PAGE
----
When eaten in moderation, natural and full-fat dairy is a good source of healthy fats. Healthy fats are a major fuel source for your body and can aid in nutrient absorption — especially antioxidants and vitamins A, D, E and K. Milk, cheese and yoghurt are also rich in calcium, which is crucial for strong bones and teeth. To enjoy the full benefits of dairy, be sure to opt for natural sources which are not processed under Ultra High Temperature (UHT) as this may affect the nutritional value of some dairy products.
Grains such as rice, bread and cereals will give you energy. However, it is important for you to be mindful of the amount of grains you consume in a day, as they are generally high in carbohydrates. Also, it is best to avoid refined grains and consume healthier ones, such as whole wheat bread, oatmeal and barley.
Rule #2 Avoid foods that make you feel awful
A word of caution, the foods that fall under this category can also be found in some of your favourite snacks. They may be difficult to part with but it’s best to avoid them. If you simply can’t resist, have them as occasional treats.
Many types of foods that you’ll find on supermarket shelves contain added sugar. This makes them highly addictive and fattening. It is best to avoid sugar as it can cause diabetes, cardiovascular diseases and obesity. Sugar can also come ‘disguised’ under another name such as corn syrup, glucose, fructose and sucrose.
Artificial sweeteners are no better than sugar! Despite being calorie-free, some studies have shown that there is a relation between artificial sweeteners and certain types of diseases, such as obesity, heart diseases and possibly cancer. If you must have a sweetener in your beverage, opt for natural ones, such as stevia or honey.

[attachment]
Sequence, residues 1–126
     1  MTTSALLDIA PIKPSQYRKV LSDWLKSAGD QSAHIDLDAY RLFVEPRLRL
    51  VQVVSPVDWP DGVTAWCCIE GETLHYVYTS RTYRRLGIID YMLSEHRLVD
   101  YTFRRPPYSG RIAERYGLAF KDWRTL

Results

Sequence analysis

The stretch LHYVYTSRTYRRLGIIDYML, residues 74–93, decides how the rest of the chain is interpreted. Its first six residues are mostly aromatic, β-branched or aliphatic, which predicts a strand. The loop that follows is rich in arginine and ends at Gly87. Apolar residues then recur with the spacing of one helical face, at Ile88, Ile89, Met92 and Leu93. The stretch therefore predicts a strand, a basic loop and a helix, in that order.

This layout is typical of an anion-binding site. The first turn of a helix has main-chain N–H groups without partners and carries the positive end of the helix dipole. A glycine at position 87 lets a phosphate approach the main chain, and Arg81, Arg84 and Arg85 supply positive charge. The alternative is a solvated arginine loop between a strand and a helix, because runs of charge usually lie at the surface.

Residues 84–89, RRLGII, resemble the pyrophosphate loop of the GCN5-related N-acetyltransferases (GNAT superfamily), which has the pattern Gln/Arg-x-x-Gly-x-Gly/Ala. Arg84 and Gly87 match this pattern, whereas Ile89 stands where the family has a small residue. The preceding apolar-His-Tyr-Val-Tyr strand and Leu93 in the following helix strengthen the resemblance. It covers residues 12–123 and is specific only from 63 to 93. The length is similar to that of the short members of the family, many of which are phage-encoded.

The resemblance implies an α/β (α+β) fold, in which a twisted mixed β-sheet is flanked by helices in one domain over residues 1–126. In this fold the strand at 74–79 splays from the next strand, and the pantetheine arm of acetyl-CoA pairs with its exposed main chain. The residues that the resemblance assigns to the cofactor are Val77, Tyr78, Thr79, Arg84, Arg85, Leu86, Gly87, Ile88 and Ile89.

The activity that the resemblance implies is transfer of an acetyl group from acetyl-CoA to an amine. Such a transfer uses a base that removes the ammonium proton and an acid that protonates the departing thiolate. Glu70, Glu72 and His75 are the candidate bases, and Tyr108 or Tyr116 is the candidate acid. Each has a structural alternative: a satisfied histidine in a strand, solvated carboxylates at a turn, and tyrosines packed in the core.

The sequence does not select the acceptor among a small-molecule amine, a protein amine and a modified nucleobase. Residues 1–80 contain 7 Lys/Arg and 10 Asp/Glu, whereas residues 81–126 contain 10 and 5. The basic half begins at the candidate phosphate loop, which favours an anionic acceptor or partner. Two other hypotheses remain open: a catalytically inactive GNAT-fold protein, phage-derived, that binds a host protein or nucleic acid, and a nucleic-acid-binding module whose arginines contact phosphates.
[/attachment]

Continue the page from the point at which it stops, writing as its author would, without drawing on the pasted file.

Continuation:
Sure, processed foods such as nuggets, sausages and biscuits are convenient and tasty. However, they also contain lower amounts of protein or fibre, a higher amount of preservatives and very high levels of sodium. If you read the ingredients on the labels of processed foods, you’ll realise that almost all of them contain synthetic and artificial ingredients, which have been linked to a series of serious health issues including obesity, cancer and diabetes.
When you’re on a weight loss regime, foods labelled with the words ‘diet’ or ‘low-fat’ seem to fit perfectly with your plan. However, there’s more tho this than meets the eye. These foods tend to be highly processed and may contain other unhealthy ingredients, such as sugar or artificial sweeteners and flavourings.
Another important factor to think of when pursuing a weight loss plan is to take note of your ideal calorie intake. Each individual may require a different amount of calories to function well, depending on certain factors such as your daily activities, health condition, gender and age. If you are experiencing sudden discomfort feeling tired all the time or if your diet plan is causing you to fall ill, be sure to seek immediate medical attention.
Remember, weight loss is not a short-term or “quick-fix” goal. Following a healthy weight loss plan requires discipline and dedication but there is no doubt that you will enjoy a positive outcome. You will be able to lose weight while maintaining a healthy balance between the amount of calories you eat, the nutrients you absorb and the exercises that you do.